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Guantanamo Bay

Lord Oakeshott of Seagrove Bay asked Her Majesty's Government:

Baroness Amos: Last month the US Court of Appeals for the District of Columbia upheld the US District Court decision that no US court has jurisdiction to grant habeas corpus relief to non-US citizens held by the US in Guantanamo Bay. There is however likely to be an appeal against this decision to the US Supreme Court. The US have established a system of military commissions which, where appropriate, will be able to prosecute the detainees but no such prosecutions have yet been carried out. It seems unlikely that the court of any other state would consider itself to have jurisdiction over persons held at Guantanamo Bay.

Lord Oakeshott of Seagrove Bay asked Her Majesty's Government:

Baroness Amos: My right honourable friend the Foreign Secretary's exchange with Colin Powell on 23 January formed part of the continuing dialogue between the Government and the United States Government on the welfare and position of the UK detainees in Guantanamo Bay. We continue to press the US to make decisions on the future of the detainees. bjc


Lord Lamont of Lerwick asked Her Majesty's Government:

Baroness Amos: The EU released a statement in February 2002 about the case of TV6, stressing the importance of independent media. The UK also raised this during bilateral human rights talks with the Russians in September 2002.

ORT has not been closed: it continues to broadcast under its new name First Channel.

Lord Lamont of Lerwick asked Her Majesty's Government:

Baroness Amos: No. lynne

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Lord Lamont of Lerwick asked Her Majesty's Government:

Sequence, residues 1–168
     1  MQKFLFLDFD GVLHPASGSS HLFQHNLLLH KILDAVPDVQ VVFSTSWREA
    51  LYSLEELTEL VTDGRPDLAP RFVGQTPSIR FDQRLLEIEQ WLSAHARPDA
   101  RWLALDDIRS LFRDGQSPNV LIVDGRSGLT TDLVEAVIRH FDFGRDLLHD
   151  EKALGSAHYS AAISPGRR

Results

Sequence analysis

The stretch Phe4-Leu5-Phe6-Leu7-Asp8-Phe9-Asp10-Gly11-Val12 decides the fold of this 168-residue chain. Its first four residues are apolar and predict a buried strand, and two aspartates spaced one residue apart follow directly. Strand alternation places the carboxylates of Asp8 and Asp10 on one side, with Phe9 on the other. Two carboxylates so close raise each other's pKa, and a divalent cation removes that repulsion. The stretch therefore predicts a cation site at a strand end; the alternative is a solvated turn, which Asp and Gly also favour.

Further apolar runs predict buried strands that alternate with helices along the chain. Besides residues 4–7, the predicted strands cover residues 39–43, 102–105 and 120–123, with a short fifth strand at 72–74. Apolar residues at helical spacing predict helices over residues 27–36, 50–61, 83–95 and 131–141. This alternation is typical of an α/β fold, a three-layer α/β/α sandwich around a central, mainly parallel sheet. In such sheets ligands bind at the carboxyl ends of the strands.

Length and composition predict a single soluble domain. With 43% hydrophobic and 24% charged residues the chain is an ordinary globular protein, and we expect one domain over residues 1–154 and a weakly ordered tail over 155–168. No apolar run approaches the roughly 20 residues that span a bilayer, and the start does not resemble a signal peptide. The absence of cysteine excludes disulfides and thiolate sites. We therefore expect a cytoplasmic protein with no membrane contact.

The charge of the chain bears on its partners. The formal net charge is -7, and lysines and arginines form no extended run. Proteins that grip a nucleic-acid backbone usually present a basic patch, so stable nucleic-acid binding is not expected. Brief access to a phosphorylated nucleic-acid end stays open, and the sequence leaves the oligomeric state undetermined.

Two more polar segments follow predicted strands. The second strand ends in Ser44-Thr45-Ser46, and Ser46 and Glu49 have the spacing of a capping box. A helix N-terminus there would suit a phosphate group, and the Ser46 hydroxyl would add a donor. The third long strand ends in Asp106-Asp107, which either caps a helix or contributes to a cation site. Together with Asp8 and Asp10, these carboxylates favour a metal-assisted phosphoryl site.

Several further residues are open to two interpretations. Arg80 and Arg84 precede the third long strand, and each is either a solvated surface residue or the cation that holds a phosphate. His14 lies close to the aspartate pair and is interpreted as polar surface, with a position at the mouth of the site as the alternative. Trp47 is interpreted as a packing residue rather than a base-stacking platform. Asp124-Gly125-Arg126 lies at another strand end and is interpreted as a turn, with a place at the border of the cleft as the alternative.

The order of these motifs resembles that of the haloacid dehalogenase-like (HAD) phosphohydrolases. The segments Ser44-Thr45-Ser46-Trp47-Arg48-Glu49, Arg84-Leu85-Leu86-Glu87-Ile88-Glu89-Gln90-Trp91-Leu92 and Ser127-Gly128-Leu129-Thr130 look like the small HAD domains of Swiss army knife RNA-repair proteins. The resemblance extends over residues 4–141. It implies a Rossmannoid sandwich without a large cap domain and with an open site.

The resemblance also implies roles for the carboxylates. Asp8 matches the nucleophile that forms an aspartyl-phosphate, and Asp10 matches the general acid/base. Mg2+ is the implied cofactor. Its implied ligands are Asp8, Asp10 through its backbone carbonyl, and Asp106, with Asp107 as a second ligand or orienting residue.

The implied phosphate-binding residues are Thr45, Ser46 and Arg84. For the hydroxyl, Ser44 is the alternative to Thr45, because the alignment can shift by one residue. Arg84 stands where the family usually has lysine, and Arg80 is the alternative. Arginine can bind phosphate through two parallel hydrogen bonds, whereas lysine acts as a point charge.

On how many occasions they have made representations to the Russian Government about the freedom of the press and other media in Russia.[HL2430]

Baroness Amos: The Foreign and Commonwealth Office raises media freedom regularly with the Russian Government both bilaterally and through the EU (which made a statement on media freedom in Russia in July last year). During our bilateral human rights talks with the Russians in September 2002 and March 2003, we raised our concerns over the closure of Russian TV channels, radio stations and newspapers as well as the continued harassment of journalists, particularly those reporting on Chechnya and those from Russia's regions. In addition, we regularly lobby on individual cases including through the FCO Freedom of Expression Panel, via EU demarches (e.g. on Grigory Pasko in Sept 2002), and during our bilateral talks (e.g. on Valentin Danilov and Igor Sutyagin in March 2003). DfID, in conjunction with the FCO, runs a number of in-country programmes aimed at developing an independent media.


Baroness Cox asked Her Majesty's Government:

    Whether they are providing any assistance to enable Nigeria to implement procedures to ensure free and fair elections. [HL2498]